Uh-oh, who’s this sneaky cuss? It’s the Doone clan’s consignieri, “Counsellor” Doone (Jack McDonald, also in MT’s LAST OF THE MOHICANS, another apparent casualty of the talking pictures). He has the kind of face that appears at windows, as his introductory intertitle makes clear, even if he himself makes his first appearance in a doorway. He wants to marry Lorna against her will, but Sir Ensor Doone, the paterfamilias, has a streak of tenderness where his young abudctee is concerned, and won’t allow it “while he lives.” You can sense Counsellor noting the loophole in that statement.

One day, while breaking up a logjam in a fast-moving stream for kicks, John is sept downstream and washed up near the Doone stockade. He meets his true love of years gone by, who reminds him of their first meeting using the knife he gave her, which becomes the film’s first insert shot.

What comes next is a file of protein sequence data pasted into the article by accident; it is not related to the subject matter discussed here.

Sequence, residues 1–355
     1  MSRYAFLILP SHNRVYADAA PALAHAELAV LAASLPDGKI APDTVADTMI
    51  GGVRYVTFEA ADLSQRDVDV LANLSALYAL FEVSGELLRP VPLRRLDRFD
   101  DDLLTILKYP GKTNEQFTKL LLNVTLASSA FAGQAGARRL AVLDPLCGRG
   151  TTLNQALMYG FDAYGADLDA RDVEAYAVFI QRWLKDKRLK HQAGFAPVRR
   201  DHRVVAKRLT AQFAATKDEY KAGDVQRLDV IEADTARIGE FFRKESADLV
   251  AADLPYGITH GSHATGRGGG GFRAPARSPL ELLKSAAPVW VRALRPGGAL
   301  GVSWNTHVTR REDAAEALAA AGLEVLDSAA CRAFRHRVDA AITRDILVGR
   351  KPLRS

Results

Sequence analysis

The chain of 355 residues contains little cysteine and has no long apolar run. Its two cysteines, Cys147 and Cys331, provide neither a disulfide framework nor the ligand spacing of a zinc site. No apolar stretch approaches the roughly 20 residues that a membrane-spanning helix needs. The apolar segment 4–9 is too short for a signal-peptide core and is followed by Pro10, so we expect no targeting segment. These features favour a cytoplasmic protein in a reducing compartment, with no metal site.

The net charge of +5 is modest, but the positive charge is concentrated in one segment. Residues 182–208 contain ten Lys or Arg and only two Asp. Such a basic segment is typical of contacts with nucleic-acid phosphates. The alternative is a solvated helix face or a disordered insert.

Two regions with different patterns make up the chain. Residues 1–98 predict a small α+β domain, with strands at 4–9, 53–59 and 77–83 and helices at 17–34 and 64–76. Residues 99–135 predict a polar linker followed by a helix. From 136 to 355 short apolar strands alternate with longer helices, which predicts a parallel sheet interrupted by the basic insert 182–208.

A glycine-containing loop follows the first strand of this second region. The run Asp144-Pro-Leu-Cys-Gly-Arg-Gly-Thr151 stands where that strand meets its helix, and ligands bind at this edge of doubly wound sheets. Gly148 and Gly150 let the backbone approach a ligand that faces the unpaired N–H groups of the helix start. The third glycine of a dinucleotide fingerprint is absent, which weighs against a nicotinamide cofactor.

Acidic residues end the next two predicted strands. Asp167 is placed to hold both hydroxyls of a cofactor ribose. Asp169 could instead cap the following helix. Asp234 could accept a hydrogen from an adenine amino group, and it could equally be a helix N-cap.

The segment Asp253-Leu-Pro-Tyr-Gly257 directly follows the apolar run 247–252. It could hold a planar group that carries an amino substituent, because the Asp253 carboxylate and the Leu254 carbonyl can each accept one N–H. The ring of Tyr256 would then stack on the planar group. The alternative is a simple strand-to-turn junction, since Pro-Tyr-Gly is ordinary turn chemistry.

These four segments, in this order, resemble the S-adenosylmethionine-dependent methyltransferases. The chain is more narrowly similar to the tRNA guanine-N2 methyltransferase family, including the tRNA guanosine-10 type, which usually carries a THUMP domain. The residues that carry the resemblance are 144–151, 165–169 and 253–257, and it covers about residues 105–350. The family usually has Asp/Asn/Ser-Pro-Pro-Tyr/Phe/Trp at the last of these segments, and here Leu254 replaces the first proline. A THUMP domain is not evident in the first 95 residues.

Hiding from a villainous Doone, they duck into a moody cavern. Again, Tourneur benefits from dark foreground objects with a central pool of light. The whole set-up puts me in mind of a heart — not the way it’s diagrammed in valentine cards, but an actual human pump.

Ridd returns home and Tourneur gives us a time/space infundibulum where he stares into space and we cut to her, miles away, but seemingly staring back at him.

Some directors don’t even get the people looking in the right directions when they’re in the same scene. Tourneur gets it right even when there’s no actual spatial connection — just a romantic one.

When old Sir Ensor Doone, visibly dying, decides to square his conscience by affirming Lorna’s birthright, the film’s second insert shot is of a startling whiteness (with a pale peachy tint):